This morning Winton went in to wake his father, and the two of them snuggled in bed for a few minutes.

When I listened in, Winton was asking, perhaps as follow-up to last night's pee incident and the need for instructional materials,
"Daddy, you have penis?  Daddy has big penis?  Daddy? Daddy has big penis?"

(I imagine I'll get a hit or two today from some very frustrated porn seekers.)

Tuesday, May 24, 2011

Tree Trimmer

He came back today (a day earlier than originally scheduled and very early in the morning). 

I have consulted several homeowners about the "handsome tree man" phenomenon (surely an analogue in terms of trades and appearance to "plumber's butt," though more aesthetically pleasing).

Here's the prevailing theory: tree trimmers have to 1) climb high things, 2) do dangerous things around electrical wires, 3) wield power tools, 4) care about preserving the lives of trees and 5) spend a lot of time outside.  Ergo, the kind of people who become tree trimmers are 1) limber, 2) thrill seekers, 3) strong, 4) tree huggers (more likely to eat vegetables, remarked a colleague of mine) and 5) hikers.  That's why they look so nice.

Now, what physical markers characterize mothers of small children who are also trying to write books of literary criticism?  Underarm odor?  Flyaway hair?  Smears of dark chocolate?

Monday, May 23, 2011

In Praise of Bassett Hounds, and Orange Tabbies

We've now had Pumpkin (orange tabby) for just over a year (he was my Mother's Day present last year) and Hardie (bassett hound) for just under a year (he was Husband's Father's Day present).  Both were adopted from the MDSPCA.  Both were adult animals. 

Pumpkin I loved immediately for the way he inhales while purring, mouth slightly ajar ("rrrronk!"), his freckled lips, his predilection for laying down on my chest, even while I'm upright, and the fact that he sleeps with me every night (unless, increasingly common of late, he's sleeping with Clara).

Hardie the inscrutable has taken a bit longer but I am, to my surprise, smitten with him these days.  His implacable droopiness conceals a mischievous streak. Lost a toy?  Chances are Hardie has whisked it upstairs.  Despite being shaped like a keg on short legs, he can whisk, however creeping, silent on his massive feet, is his real forte.  Here's a 45 pound hound who can cross a hard wood floor silently.  Hardie never ever shows aggression with children, even those of strangers.  That's a wonderful thing.  And on Saturday mornings (my day to sleep in til 8.30) he stands with his head on my mattress whiffling softly until I get up.  I've given up trying to train him (ie he's trained me not to train him) and now we are all quite content.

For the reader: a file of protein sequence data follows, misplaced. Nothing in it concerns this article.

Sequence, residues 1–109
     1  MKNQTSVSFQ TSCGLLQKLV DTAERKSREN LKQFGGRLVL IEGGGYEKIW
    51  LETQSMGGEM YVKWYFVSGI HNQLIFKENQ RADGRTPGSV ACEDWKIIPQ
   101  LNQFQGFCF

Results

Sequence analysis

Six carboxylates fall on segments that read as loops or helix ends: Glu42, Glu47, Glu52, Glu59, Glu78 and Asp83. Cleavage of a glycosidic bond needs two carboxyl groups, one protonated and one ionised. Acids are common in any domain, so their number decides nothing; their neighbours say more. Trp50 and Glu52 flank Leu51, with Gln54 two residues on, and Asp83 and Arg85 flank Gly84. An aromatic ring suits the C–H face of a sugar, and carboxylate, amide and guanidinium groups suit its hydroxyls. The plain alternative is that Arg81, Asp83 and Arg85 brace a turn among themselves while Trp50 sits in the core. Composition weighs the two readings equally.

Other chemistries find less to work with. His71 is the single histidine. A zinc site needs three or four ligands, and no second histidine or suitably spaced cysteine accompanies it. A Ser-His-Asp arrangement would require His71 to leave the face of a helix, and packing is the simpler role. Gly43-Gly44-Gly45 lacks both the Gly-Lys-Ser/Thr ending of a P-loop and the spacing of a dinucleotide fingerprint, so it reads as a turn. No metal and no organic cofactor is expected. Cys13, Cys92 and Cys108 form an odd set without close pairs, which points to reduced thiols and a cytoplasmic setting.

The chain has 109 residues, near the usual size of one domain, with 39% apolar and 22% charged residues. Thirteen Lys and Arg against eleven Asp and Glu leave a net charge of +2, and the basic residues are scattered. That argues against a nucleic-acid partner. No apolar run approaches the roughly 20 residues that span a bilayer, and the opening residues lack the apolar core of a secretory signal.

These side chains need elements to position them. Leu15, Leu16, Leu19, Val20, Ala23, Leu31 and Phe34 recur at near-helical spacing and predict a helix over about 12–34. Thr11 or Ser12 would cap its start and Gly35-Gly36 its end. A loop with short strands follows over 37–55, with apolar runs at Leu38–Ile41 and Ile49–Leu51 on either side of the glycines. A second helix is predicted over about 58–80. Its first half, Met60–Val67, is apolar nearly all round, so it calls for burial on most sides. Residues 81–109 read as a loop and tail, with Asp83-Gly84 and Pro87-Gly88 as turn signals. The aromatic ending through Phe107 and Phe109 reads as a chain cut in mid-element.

Sweet animals, both of them.  I wonder what their years were like before they came to us.  I'm glad we have 'em.

Sunday, May 22, 2011


We (me, Clara, Winton, Hardie) met a friend of Clara's from school today at a local greenspace referred on googlemaps as "dog poop park."
No evidence of poop this morning, but several large dogs.

I am now utterly shattered.

What is it about "playdates" that is so completely fatiguing?
a) Small talk with new adults?
b) Children scattering in all directions like a dropped bag of beads?
c) Baltimore humidity?
d) Hardie's sumo-wrestler-esque leash manners?
e) Clearly, all of the above.

I'd watch cooking shows on TV now if our satellite dish weren't broken . . .

Friday, May 20, 2011

Mother--not a chirpy post

Apologies.  I have posted, and then edited, and then posted, and then edited this again. 

My mother is ill.  She has been ill, physically and /or mentally, my whole life.  My understanding is that she has been and is nursing some secret grief and guilt of hers into a host of psychological and physical issues, many of which allow her a retreat into prescription medications.   "Secret" is key: I know nothing substantiate-able about my mother.  Not even her maiden name.  I surmise that she was born in Germany shortly before WWII and that her father was in some way a terrible person (though that may or may not entail the terribleness of Nazi history).

These last decades she has been very very ill on the physical side especially, with spinal surgeries, MRSA after a hip replacement, and now an undiagnosable infection that seems, perhaps, to be emanating from her liver.  She lives a continent away.  My father, her full-time nurse, is almost 80 and past his best years for cleaning explosive diaorrhea out of carpets.

She is in hospital, in ICU, for her third day today.   My father responded "absolutely NOT" when I said I could come.

The cloud over my days is concern for my father, and, a more  more dark and dense cloud, my desire that my relationship with my children be stronger than my mother's is with me.  I feel terrible for the distance, literal and figurative, between myself and my mother, and know how devastating it would/will be if this is how things are when I am old and ailing and my children are off having lives of their own.

Wednesday, May 18, 2011

The Caterpillar Song, By Clara

We built you a cave;
we built you a cage,
because we love you.
It's a present.